Perhaps it is Mark Olson’s endearing score, June Squibb’s eccentric performance, or most likely, the father and son relationship at the center of the movie (played by Will Forte and Bruce Dern).

The mercurial bond between the two is at once familiar and foreign: a 30-something trying to connect with his aging, alcoholic father who believes he has won a million dollars.

Payne (The Descendants, Sideways and Election) has a knack for wringing palatable emotion out of any story he touches. Nebraska is no exception. (Read our review)

6.) Blue Jasmine: To quote friend and critic David Ehrlich, Woody Allen possesses a “Zelig-like capacity to bend any genre to his will.” That philosophy stands to be true with Blue Jasmine, a darker and more tragic film than we’ve come to expect from the nebbish genius.

Revolving around the eponymous Jasmine, Cate Blanchett brilliantly assumes the role of a woman on the verge of a nervous breakdown after her duplicitous husband (a la Bernie Madoff) gets imprisoned for fraud.

Set to tune of Conal Fowke’s endlessly listenable “Blue Moon,” the once New York socialite traverses across country to San Francisco, where she is greeted to a different sort of lifestyle by her sisters (played by Sally Hawkins).

While Woody still imbues Blue Jasmine with his traditional sardonic humor (i.e. Jasmine, narcissistic and self-involved, laments to everyone about her past, even children), this is primarily a serious film about a woman who is forced to finally claim some autonomy in her life.

The movie ultimately posits a daunting question: how does one find themselves when their identity was lost to their partner years ago? (Read Dave’s review)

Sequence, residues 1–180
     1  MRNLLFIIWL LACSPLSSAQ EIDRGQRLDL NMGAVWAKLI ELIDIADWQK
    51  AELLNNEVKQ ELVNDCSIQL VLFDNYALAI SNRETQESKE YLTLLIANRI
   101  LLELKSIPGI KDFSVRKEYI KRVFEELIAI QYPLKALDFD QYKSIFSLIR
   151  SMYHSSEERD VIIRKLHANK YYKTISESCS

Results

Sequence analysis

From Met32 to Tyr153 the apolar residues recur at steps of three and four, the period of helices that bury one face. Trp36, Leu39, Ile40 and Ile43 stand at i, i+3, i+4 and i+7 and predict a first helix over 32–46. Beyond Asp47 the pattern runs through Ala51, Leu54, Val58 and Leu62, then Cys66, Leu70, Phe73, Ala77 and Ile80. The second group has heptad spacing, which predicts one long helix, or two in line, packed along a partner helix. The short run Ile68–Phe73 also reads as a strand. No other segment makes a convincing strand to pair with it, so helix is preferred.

5.) Inside Llewyn Davis: The recent Golden Globes nominations would lead you to believe Inside Llewyn Davis is a musical or comedy. But I can assure here now that the Coen Brothers’ latest opus is firmly none of the above.

Chronicling the nascent stages of folks music in Greenwich Village circa 1961, the film follows a week in the life of the titular musician Llewyn Davis (played by Oscar Isaac).

In just a matter of seven days with this character, who is equal parts unaccountable, stubborn, foolish and talented, we get a firm sense of who Davis is.

The songs performed in the film seamlessly progress plot and reveal character. “Hang Me, Oh Hang Me” especially evinces the type of sadness and hopelessness that permeates inside Inside Llewyn Davis.

Once again, the filmmaking brothers from Minnesota have crafted a film — not unlike Barton Fink or A Serious Man —  that will be revisited and analyzed for years to come. (Read Dana Stevens’ review)

4.) The Wolf of Wall Street: At age 71, Martin Scorsese directs his latest masterpiece with more youth, energy and insight than most filmmakers could or would half his age.

Presenting us with us Jordan Belfort, a stockbroker who made his fortune in the 1990s illegally through a pump-and-dump system, The Wolf of Wall Street unveils the drug-snorting, prostitute-banging, morally bankrupt degenerates who have a big hand in America’s economy.

However, The Wolf of Wall Street is hardly an indictment of the dubious dealings on Wall Street. Instead Scorsese shifts his attention to us, questioning what and who we envy. (Read our review)